Michael Burnham continues to entertain as the human who tries to be Vulcan and is a bit messed up as a result. Partly (and only partly) this is the most Star Trekky episode yet. Sadly, the air of dark mystery established last episode basically vanishes this episode. This is not a plot whole as such – Michael Burnham is the main point of view and last week she was little more than a infamous prisoner being given a brief oppotunity to help out before being shipped back to the surprisingly regressive Federation penal system. This week Michael is a reluctant (and rankless) member of the crew and as a consequence people are more open about what is going on.
Spoilers below the fold…
Firstly the fungus-drive is something everybody knows about this week and the story focuses on the crew trying to get it to work for real because the Klingons are busy attacking the Federation’s key dilithium crystal mine. Secondly, Captain Lorca has given Michael the job of investigating the alien monster captured in the last episode – which undermines mystery two. The implication at the end of last week’s episode was Lorca had a semi-secret lab of scary stuff. This week, the lab isn’t secret, but it is still kind of creepy.
Michael makes the right calls, works out what the monster is all about and saves the day. Hooray…but…with enough moral ambiguity to imply there are reasons why the magical fungus drive is not something we see Starfleet using in the future.
The real innovation with this episode is not on the Discovery. In between Michael’s attempts to make friends with the monster, the plot shift backs to binary stars of episode 2.
Here the spaceship of the Klingon messiah T’Kuvma is floating in space without a functioning warpdrive. With T’Kuvma dead (courtesy of Michael Burnham in episode 2) leadership has passed to Kol – the houseless 2ic of T’Kuvma’s. With the spaceship’s cloaking technology a major asset for the Klingon’s, Kol’s leadership does not go unchallenged.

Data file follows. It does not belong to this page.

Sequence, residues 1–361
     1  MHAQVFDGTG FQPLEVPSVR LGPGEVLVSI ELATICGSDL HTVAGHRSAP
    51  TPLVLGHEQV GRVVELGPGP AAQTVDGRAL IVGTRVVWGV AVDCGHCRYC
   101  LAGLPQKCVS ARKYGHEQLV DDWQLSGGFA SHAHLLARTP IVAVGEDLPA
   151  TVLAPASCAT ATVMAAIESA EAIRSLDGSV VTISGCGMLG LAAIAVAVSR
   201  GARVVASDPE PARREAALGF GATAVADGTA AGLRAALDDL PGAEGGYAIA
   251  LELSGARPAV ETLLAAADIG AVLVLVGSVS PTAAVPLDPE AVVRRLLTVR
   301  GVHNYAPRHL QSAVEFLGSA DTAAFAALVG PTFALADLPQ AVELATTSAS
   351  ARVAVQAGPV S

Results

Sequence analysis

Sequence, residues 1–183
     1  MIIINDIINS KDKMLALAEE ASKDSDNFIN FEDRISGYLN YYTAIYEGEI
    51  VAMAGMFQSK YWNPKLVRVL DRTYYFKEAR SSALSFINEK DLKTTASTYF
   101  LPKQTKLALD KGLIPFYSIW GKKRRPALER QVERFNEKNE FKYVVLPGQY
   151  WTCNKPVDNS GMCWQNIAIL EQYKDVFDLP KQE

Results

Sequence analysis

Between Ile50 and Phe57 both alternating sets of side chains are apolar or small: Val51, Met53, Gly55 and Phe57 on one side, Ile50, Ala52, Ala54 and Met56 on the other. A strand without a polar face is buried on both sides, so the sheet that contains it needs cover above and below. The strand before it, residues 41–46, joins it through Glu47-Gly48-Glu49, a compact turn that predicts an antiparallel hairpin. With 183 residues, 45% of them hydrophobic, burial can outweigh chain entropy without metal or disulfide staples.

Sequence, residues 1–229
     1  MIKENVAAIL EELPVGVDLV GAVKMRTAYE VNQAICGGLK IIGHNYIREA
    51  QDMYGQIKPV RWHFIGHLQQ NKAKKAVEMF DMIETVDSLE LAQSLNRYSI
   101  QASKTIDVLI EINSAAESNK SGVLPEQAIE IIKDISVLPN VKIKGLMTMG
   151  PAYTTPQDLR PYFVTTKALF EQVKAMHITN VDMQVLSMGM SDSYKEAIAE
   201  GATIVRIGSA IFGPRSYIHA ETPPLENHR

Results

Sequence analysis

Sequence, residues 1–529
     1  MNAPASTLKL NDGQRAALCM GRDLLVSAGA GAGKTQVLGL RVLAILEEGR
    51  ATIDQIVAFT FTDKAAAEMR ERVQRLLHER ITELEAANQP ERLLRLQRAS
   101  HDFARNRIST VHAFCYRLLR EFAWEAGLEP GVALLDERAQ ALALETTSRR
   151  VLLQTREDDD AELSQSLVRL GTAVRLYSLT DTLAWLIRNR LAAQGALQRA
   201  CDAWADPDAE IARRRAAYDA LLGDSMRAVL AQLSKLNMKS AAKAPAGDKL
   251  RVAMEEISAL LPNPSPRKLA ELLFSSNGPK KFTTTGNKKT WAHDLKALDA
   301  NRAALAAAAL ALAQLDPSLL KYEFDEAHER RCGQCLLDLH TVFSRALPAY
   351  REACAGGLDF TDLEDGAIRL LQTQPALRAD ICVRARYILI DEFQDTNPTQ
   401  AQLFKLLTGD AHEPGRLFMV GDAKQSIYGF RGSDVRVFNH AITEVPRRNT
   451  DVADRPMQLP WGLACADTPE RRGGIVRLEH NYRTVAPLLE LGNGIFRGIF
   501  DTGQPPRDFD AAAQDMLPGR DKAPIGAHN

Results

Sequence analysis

Here, we have the trickiest element of Discovery. Having made the Klingon’s physically more alien and having them speaking primarily in subtitled Klingon, the show has intentionally created a distance of empathy between the viewer and the Klingons. However, this appears to be for a positive purpose, as the episode uses a Klingon point of view to follow Kol’s character and his aspirations.
The Houses of Klingon are united for the purpose of fighting Starfleet but that unity is fleeting. Kol, following T’Kuvma’s dream, wants to create a lasting Klingon unity. And this works…By the end of the episode Kol has been set on his own story arc and we’ve been given enough reason to want to see him succeed.
So, overall good and Trekky.
- Episode 3: Context is for Kings
- Episode 4: Seriously stupidly long episode name
- Episode 2: Battle at the Binary Stars
- Episode 1: The Vulcan Hello
Bits and pieces
- Sorry but the alien monster as the other ship’s secret sauce is just daft. Yes, it is all a super-secret developmental program but they would have told somebody. The two fungus drive ships were sharing information and the monster is not a minor development.
- The saucer bit of the Discovery spins round which is fun.
- I also don’t believe the force field to the monster’s prison/cave doesn’t have a safety hatch.
- Only one redshirt death this week but it was a high ranking one. Having said that, that was a REALLY, really stupid thing to do. Implausibly so. The monster had slashed its way through a bunch of Klingons, not to mention sections of a starship. It had already shown that it was invulnerable to phasers – so the chief secruity officer will, almost alone, try and zap it with a rifle. She gets chewed to bits, which is awful obviously but hardly unexpected.
- Saru is definitely fun.
- Lt Samets is meant to be annoying and petulant. Knowing this makes him less annoying.